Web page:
Digital public administration – new technology, organization, values and learning

Emma Busk Winquist

The increasing use of digital technologies and social media is changing the way we relate to politics and public organizations. Citizens, political parties, publice administration and other actors are using digital technologies to create new relationships and activities.

Our research on digital government focuses on how new forms of public services are designed in administrations, create new relationships with citizens and how citizens use such services in their daily lives.

There are many examples of such digital services. It can be simple information on the web about, for example, the municipal recycling station's opening hours. But it can also be more advanced systems, such as the e-service to file your income tax return digitally. We are researching these issues together between the disciplines of political science and informatics.

But organizational forms are also changing. Municipalities can, for example, share telephone exchanges or payroll systems, creating new forms of collaboration within the administration, but they are rarely visible to citizens.

New technologies and common core values

New technologies and common core values

We pay particular attention to how common fundamental values are affected by the embedding of new technologies in the administration. The legitimacy of the public sector is created when citizens and public organizations are based on the most common fundamental values possible.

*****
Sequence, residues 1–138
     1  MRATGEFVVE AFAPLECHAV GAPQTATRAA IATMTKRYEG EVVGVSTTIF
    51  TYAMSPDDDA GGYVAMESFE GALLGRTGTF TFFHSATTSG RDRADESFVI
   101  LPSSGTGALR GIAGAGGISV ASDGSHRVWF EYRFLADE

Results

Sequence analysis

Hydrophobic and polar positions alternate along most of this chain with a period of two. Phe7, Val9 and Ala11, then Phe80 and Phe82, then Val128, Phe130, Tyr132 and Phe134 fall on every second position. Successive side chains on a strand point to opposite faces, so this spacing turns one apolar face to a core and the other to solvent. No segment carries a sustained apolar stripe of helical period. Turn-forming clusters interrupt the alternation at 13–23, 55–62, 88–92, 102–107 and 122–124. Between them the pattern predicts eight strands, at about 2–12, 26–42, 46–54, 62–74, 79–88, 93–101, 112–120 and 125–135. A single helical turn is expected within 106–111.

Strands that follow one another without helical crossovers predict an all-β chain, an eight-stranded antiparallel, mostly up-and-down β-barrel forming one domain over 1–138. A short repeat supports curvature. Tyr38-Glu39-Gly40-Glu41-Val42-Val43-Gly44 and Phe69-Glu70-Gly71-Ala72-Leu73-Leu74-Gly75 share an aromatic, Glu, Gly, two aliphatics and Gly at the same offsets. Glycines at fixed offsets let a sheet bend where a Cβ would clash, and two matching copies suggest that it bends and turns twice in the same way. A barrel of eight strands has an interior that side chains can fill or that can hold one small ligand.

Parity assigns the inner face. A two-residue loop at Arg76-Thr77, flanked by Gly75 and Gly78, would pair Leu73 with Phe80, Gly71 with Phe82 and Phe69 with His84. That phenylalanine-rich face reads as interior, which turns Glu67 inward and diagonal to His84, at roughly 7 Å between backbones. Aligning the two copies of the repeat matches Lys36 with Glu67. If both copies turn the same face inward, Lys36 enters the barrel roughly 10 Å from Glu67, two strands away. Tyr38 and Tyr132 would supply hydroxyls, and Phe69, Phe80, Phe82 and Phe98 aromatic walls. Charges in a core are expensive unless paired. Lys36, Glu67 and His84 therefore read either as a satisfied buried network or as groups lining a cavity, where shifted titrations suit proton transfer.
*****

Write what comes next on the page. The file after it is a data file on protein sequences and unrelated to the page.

This means that citizens must be able to trust the administrations, the services they provide and the restrictions on everyday life that are based on laws and other common rules.

Although the digital administration is driven by increasing efficiency, accessibility and transparency in the administration, central values such as equal treatment, openness and democracy are also maintained in many new ways.

Co-creation and empowerment

With new organizational models, citizens can also contribute to creating better public services, known as co-creation, by, for example, filling in forms online or continuously downloading information they need. This can both streamline the organization and lead to greater participation and collaboration.

With such changes, it is important that both citizens and staff learn to use the new technology.


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Mariana S. Gustafsson, Elin Wihlborg (2019)

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Elin Wihlborg, Mariana S Gustafsson, Fredrik Söderström, Karin Hedström (2015)

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Lisa Hansson, Elin Wihlborg (2015)

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Mariana S. Gustafsson (2014)

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Mariana S. Gustafsson, Elin Wihlborg (2013)

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DINO Reports

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